Almost five decades after the Green revolution, which increased the farmer’s income manifold, the government has still put the agricultural income in tax-exempt category under Section 10(1) of the Income Tax Act, 1961. The agricultural income is tax-exempt with any limit, which means even an individual is earning in crores through agricultural; she/he is not liable to any taxes.
This has left a big black hole in our tax net. The non-salaries class, majority of who earn through business/work in unorganized sector, shows the income as agricultural income even if it is not, given the benefits of tax exemption.
This has also led to overestimation of the people employed in the agriculture sector. It is estimated that 14.5 crore families of the country depend on agriculture, which translates into more than 70 crore people being dependent on agriculture, as the average family in India is of 5 people. This is simply not true!
Majority of the people who show agriculture as a profession, are employed in various different profession in the informal sector including in highly skilled professionals like teacher, businessperson. But, these people officially show agriculture as a profession for two simple reasons with the first being benefits central and state governments announce every year for agriculturalists and the second being they are employed in the unorganized sector.
As the official data, the union and state government spend more than 5 lakh crore rupees on agricultural subsidies every year, which accounts for almost 10 per cent of the combined expenditure.
In order to appease the farmers and fearing the backlash from the community; the central government has kept the farmers outside the purview of Income-tax. In the last five decades, every government mooted the idea of imposing a tax on agricultural income but, the fear of losing political capital has become blockage is the implementation of the decision every time.
The inability to impose tax on agriculture has led to massive inequities in the collection of direct taxes. The states which are dependent on agriculture contribute a negligible sum in overall tax collection because agricultural income is outside the tax net.
Even the rich states like Punjab and Haryana, which have one of the highest per capita income in the country, contribute very little to the net direct tax collection.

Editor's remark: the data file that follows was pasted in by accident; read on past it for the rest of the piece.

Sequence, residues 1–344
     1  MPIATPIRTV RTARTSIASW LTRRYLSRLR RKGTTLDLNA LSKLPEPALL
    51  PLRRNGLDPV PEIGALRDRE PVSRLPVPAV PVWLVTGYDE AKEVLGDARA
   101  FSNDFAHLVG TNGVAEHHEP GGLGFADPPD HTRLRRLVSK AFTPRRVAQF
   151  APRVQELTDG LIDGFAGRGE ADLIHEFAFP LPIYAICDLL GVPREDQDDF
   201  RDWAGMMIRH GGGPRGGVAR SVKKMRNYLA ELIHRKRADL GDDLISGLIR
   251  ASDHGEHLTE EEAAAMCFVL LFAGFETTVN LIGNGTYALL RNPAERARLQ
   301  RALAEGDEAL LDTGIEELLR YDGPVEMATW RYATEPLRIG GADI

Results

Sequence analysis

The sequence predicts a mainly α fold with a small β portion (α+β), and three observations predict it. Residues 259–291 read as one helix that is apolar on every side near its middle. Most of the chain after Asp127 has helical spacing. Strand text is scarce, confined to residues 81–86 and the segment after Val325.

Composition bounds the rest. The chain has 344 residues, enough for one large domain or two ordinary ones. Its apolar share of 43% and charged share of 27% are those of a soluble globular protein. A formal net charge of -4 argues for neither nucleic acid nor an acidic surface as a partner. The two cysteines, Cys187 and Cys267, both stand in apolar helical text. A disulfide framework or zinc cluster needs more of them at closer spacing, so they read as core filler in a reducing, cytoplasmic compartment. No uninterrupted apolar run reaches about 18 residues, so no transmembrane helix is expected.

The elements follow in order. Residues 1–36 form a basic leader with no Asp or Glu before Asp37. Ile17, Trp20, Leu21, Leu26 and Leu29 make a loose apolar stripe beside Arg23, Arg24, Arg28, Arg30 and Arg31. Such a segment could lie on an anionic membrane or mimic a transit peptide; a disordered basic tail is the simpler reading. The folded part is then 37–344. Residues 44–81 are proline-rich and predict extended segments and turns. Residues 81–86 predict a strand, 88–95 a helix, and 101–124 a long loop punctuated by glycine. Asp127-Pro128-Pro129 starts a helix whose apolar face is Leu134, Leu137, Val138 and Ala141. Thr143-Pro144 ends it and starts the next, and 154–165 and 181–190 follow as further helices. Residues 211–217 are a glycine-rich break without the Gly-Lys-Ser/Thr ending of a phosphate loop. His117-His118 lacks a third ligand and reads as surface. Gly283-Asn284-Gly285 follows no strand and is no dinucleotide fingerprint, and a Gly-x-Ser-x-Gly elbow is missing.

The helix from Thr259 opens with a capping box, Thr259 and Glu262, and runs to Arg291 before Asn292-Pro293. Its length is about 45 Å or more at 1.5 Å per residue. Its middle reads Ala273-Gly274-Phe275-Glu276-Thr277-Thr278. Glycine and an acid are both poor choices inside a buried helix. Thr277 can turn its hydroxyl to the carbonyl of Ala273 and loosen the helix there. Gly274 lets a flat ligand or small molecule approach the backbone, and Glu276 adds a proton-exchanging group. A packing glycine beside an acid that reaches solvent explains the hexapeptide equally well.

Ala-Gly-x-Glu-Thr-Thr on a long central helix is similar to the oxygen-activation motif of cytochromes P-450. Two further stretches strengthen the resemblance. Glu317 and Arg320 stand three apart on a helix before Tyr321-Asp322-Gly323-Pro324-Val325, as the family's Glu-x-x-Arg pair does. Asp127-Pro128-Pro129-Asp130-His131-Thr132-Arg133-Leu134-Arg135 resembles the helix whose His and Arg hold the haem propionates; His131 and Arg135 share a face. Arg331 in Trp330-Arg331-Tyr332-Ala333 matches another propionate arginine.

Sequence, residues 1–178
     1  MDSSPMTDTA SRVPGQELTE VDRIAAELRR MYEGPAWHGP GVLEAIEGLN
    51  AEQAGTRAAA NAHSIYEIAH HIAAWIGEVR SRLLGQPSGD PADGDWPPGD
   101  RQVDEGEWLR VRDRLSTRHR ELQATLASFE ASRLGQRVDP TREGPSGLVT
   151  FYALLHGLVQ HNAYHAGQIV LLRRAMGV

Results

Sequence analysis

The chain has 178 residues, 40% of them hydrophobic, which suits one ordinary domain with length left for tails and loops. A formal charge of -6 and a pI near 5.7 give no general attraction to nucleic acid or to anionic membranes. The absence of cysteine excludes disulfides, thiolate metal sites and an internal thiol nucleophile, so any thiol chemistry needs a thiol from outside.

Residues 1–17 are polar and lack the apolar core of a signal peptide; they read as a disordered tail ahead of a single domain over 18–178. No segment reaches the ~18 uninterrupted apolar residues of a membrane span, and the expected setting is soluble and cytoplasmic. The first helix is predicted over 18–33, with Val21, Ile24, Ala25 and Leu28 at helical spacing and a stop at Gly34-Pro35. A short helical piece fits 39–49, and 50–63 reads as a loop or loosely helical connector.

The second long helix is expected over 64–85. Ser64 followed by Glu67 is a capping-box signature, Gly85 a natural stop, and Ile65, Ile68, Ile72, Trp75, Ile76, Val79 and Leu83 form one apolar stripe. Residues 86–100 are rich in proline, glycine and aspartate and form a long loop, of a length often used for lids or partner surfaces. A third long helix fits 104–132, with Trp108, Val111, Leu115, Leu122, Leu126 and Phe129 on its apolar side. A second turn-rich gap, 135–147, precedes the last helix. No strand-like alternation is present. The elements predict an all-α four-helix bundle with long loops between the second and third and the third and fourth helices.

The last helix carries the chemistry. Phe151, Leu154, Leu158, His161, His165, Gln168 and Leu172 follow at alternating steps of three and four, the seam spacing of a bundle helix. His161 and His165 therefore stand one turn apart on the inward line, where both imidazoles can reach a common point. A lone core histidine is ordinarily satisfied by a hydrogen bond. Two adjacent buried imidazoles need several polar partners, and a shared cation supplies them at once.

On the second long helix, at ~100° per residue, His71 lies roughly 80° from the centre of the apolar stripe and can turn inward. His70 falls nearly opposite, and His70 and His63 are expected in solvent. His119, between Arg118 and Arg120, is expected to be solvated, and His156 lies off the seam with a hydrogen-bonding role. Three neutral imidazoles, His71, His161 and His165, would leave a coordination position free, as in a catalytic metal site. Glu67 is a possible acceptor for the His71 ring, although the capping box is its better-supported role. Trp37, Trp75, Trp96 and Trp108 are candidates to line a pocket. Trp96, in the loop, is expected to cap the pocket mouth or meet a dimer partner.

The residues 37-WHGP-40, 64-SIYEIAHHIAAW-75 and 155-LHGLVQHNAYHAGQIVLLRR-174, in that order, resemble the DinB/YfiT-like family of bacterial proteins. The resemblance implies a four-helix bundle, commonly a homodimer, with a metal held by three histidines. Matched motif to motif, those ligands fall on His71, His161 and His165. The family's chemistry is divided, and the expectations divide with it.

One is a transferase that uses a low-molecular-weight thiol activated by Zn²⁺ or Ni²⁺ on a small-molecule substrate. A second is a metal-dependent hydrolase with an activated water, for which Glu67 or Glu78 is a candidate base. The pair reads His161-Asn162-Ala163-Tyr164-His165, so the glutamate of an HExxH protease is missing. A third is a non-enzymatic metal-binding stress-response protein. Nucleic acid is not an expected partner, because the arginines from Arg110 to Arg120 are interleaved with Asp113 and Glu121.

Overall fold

As per the latest data from the Income Tax (IT) department, the state of Uttar Pradesh with 16.50 per cent of country’s population contributes only 4 per cent in the total IT collection. Maharashtra with 9.28 per cent of the population contributes 39.9 per cent of total IT collection.
The income tax share of other states with large populations is at a dismal rate. Bihar constitutes for 8.60 per cent of the total population of India, but it is not even in the top 10 of highest income tax paying states.
In many states like Punjab, Haryana, Maharashtra; the farmers are immensely rich. Even if we look at all India scale, there are many rich farmers with many hundred acres of land and, at the same time, there are lakhs of poor farmers in every state. Therefore, while the subsidies to poor farmers are necessary, bringing the rich farmers under the tax net is also required. There are thousands of farmers who have hundreds of acres of land, and whose income runs into crores of rupees; these farmers must be taxed for the welfare of poor farmers.
Given the kind of political capital it requires, only Modi government can be entrusted with such provisions. The Modi government was elected with even larger majority in 2019, despite steps like demonetization, GST, and IBC, which require massive political capital. Therefore, if the Modi government can go for such bold reforms in the previous term and get reelected with even larger majority; it can also afford path-breaking step like taxing the agricultural income.